Becoming a Great Student with Less Effort
Becoming a Great Student with Less Effort
If you are that student who works his/her butt off and still manages only to get average grades, you may feel some jealousy when you see others not working as hard as you and getting great grades. How does that happen? All your life you have been told that success comes from hard work, and now you are discovering that this is not true for everyone! Well, you actually can get good grades with less effort, so read through these easy-to-implement tips and become a great student!
- It’s all about the focus really! If you find your mind wandering during class, while reading, when studying for a test, or as you are trying to write an essay or paper, then you are wasting huge amounts of time. Why? Because sooner or later you will have to learn what you missed in class or what you failed to absorb when reading; sooner or later you will have to study all over again for that test or take a bad grade; and sooner or later that essay or paper will have to be finished. When you fail to focus the first time, you are doing everything twice! So, how do you get better focus?
- You may have to do some mental exercises on your own. Hold a pencil in front of your line of vision – look at the pencil; focus on its shape, its color and the size of its point and eraser. Do this until you are thinking of nothing else but that pencil (you can use any object really). Once you are able to do this, you can go to class, read a book, etc. with much more focus as well. Working “smarter” means never doing anything twice!
- To focus in the classroom, sit as far in the front as possible. If you sit toward the back, you will be watching others – what their hair looks like, what clothing they have on, what a great what they have, etc. Your mind will wander. If you are in the front, there is the instructor/professor and the board, being filled up with writing or slides. Now you are looking directly at what your focus should be!
- Lots of studies have determined that the best environments for study vary with the student. One thing, however, is quite clear – no TV and no friends in your space playing video games and/or talking. The rest is up to you – do you focus better when warmer or cooler; do you focus better with headphones and some soft music; do you need to snack while you work?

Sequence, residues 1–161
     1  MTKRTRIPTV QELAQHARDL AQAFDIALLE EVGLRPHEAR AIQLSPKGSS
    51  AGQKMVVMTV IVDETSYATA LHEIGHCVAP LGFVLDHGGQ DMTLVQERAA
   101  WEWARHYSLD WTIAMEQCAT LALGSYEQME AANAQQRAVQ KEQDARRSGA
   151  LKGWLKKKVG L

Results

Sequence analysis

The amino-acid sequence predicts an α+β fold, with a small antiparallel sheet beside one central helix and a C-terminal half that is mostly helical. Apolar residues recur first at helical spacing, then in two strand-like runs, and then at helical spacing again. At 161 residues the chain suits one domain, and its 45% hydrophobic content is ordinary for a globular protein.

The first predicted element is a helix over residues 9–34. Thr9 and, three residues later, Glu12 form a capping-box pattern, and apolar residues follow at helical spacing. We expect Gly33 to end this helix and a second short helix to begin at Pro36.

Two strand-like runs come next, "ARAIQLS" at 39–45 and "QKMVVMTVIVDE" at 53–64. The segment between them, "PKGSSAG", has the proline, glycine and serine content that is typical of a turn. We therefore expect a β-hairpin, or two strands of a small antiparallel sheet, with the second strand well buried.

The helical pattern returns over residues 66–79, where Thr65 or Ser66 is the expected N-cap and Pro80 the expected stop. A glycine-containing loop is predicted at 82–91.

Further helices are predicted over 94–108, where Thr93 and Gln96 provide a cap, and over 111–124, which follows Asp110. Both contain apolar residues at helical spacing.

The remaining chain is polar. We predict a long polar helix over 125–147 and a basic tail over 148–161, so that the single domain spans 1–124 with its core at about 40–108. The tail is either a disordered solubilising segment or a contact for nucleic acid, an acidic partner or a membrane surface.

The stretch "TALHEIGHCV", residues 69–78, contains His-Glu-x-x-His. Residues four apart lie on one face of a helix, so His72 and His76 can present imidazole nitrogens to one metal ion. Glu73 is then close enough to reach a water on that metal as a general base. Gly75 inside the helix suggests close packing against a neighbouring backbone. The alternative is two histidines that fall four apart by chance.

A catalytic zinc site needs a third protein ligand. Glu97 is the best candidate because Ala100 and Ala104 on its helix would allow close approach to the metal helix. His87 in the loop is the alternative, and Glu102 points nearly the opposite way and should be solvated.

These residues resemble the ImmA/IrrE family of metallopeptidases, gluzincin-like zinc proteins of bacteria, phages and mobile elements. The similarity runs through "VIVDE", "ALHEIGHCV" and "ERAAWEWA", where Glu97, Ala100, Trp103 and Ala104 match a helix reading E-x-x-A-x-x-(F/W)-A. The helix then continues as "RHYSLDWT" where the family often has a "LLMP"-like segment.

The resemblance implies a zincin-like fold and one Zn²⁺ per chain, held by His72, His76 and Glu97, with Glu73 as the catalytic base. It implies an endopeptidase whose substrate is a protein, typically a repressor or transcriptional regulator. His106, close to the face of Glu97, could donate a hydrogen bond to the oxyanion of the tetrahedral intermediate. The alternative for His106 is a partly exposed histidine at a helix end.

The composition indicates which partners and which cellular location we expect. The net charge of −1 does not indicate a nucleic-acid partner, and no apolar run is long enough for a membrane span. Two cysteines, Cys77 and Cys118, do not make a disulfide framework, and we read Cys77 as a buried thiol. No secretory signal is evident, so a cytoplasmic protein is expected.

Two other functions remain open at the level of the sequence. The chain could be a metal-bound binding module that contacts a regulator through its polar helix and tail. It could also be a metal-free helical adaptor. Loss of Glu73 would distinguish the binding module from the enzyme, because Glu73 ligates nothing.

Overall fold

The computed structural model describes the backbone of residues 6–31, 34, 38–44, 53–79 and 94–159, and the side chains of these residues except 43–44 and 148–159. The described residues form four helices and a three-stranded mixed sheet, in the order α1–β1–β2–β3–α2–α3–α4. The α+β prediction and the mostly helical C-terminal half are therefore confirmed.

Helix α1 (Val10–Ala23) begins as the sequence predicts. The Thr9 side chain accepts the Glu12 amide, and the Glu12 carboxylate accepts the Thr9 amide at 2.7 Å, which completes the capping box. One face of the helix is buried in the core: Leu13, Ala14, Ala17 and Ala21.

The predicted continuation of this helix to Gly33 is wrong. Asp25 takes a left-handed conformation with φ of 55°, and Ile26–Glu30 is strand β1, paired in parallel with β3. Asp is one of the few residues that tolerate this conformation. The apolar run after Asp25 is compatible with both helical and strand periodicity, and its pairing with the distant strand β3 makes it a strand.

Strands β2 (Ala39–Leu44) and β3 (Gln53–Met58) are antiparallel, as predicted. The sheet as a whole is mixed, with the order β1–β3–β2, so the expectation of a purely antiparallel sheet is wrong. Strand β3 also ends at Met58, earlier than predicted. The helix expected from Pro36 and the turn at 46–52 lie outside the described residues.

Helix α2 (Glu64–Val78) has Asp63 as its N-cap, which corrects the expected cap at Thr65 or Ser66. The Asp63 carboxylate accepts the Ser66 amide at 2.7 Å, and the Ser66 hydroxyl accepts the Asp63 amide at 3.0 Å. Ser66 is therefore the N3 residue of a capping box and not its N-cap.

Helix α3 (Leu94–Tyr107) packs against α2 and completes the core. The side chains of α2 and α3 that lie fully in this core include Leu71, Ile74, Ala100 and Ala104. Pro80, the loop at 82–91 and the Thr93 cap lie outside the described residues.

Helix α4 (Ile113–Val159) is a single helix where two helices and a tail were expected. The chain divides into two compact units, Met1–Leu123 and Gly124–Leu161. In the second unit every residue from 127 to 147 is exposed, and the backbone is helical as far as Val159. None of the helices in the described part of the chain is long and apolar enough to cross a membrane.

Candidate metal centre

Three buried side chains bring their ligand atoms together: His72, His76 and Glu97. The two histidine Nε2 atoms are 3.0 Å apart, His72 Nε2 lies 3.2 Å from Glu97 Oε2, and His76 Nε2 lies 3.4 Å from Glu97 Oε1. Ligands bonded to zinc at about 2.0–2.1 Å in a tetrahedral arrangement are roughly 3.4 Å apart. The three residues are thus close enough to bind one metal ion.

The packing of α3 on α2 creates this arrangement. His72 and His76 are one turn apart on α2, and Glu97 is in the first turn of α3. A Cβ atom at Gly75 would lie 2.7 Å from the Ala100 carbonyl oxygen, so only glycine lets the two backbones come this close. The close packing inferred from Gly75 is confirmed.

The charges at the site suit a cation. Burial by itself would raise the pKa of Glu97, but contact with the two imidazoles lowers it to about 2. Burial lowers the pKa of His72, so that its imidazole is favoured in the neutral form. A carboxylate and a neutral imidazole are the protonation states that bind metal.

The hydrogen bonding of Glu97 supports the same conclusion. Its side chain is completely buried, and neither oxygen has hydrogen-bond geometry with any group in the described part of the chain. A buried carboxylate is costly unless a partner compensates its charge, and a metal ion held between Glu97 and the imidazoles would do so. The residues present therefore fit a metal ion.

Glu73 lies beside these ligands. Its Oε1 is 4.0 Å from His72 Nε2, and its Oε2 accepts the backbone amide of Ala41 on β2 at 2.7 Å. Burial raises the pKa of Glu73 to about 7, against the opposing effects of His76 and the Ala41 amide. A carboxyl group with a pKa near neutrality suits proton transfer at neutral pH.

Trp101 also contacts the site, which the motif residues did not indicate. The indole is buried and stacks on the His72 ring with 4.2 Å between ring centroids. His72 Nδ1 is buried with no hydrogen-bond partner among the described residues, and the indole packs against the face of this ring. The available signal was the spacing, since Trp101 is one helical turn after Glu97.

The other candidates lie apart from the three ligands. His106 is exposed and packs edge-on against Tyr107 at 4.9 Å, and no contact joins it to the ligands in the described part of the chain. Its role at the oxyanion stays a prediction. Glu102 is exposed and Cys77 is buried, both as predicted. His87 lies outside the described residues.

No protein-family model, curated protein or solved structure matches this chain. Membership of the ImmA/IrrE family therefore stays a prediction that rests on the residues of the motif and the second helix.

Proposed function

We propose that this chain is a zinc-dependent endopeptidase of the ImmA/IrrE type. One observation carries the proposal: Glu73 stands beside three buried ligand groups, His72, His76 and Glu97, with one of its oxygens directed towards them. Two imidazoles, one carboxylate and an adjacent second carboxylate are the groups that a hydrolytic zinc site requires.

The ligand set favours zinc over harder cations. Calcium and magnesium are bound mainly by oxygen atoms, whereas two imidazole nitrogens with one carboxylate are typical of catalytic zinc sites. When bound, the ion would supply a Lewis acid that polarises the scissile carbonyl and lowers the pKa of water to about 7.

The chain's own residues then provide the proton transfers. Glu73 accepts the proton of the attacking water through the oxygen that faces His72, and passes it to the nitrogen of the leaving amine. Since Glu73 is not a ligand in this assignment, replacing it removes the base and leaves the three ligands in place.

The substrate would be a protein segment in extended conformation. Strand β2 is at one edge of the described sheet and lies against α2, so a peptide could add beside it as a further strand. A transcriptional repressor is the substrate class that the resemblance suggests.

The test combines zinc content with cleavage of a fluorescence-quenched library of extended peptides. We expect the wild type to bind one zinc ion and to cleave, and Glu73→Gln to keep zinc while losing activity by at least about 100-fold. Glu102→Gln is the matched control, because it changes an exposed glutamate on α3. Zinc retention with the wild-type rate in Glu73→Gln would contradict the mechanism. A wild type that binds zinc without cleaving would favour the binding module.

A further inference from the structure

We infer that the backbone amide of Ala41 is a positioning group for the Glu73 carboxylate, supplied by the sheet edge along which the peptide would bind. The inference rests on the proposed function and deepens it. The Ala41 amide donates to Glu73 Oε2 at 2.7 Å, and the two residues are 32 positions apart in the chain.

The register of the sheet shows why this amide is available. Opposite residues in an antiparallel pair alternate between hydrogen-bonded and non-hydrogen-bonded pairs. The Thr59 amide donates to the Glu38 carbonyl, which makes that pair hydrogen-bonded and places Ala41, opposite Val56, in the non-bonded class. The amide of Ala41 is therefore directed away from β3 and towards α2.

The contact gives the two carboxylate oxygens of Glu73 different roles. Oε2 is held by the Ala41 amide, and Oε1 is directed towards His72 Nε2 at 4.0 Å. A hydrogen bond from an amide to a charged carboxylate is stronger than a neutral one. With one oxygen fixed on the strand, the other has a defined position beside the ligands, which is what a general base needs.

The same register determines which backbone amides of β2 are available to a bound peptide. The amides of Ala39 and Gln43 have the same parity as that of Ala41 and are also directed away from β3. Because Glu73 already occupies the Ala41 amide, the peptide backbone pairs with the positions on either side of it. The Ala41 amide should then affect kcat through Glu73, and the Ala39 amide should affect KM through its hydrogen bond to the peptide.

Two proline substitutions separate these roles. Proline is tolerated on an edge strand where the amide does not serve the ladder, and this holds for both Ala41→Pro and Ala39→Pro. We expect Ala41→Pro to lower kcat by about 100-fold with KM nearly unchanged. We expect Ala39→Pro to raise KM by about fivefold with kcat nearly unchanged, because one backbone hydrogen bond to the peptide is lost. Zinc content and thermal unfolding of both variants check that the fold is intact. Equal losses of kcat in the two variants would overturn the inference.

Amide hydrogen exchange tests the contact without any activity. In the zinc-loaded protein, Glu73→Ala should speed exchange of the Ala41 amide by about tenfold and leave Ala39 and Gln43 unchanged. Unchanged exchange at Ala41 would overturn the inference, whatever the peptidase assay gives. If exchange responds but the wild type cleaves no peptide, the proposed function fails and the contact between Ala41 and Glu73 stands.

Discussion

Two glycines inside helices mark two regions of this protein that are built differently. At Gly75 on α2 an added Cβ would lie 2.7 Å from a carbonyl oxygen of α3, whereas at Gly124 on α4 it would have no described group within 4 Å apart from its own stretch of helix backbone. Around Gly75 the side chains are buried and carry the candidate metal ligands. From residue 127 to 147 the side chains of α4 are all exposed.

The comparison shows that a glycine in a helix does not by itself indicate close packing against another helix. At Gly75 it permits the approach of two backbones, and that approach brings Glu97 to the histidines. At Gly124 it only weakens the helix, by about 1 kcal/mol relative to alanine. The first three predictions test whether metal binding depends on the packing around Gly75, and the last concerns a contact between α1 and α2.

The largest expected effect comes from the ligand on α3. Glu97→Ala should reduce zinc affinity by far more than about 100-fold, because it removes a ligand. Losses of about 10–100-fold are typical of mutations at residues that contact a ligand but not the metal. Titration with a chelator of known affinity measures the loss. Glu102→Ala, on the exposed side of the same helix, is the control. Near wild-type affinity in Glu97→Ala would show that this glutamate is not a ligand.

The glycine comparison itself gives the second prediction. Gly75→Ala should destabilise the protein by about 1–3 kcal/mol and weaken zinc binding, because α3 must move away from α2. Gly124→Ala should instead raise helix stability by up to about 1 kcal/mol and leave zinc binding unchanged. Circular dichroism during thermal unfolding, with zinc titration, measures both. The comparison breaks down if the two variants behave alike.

- The Issue of Note-Taking: This may not sound like fun, but there is a strategy for note-taking, both from lectures in class and from the assigned readings.
- If you struggle with note-taking in class, do a couple of smart things. Now that you are sitting in the front, use your tablet or smart phone to take pictures of what is on the board! Then you only have to take notes on what is said! When you get back to your dorm or apartment after your last class, immediately re-write your notes, including what you have photographed. This serves two purposes. First, by re-writing it, you have cemented it into your memory more. Second, when you have to study for an exam, you have your notes all organized and ready to go.
- As you read from your text or other outside materials, take notes as you read through the content – you will never have to go back and re-read the material again. I know a lot of students just highlight in the text, but actually writing down the important points of what you read commits it to memory better. Then you have notes to study from, not that big text!
- Studying for Tests: The biggest time-saver is knowing what to study. Here is the best strategy: If you have taken good notes from lectures and reading (following the strategies of #2), then your best bet is to look for those concepts that are both in your readings and that have been presented during lectures. Chances are if your professor has taken the time to present them in class and they are also in your reading, these are what you must review for tests. So, find the common denominators and study only those!
- Essays and Papers: O.K., so this is probably some of the time-consuming work you may have to do – everyone always wants one or more of these in his/her class. My “take” is this: you are either a good writer or you are not. If you can whip these puppies out without much difficulty, that is great, but you are in a minority. Most kids really struggle with them. If you use the focusing strategies in #1, you will probably produce them faster, although this does not help in the actual composition part, if you happen to lack the skills. You have two other options: First, find a trustworthy writing service and pay to have them produced, or, second, get the thing written and shoot it over to a writing service for editing and polish. We can’t all be good writers, so we should not agonize over it – just get the help you need!
These strategies are time-tested and proven – I know because I used them and turned a very average GPA into a great one! Take the small amount of time to practice them, and, in the long-term, you will really expend a lot less effort and time to get those grades you want!
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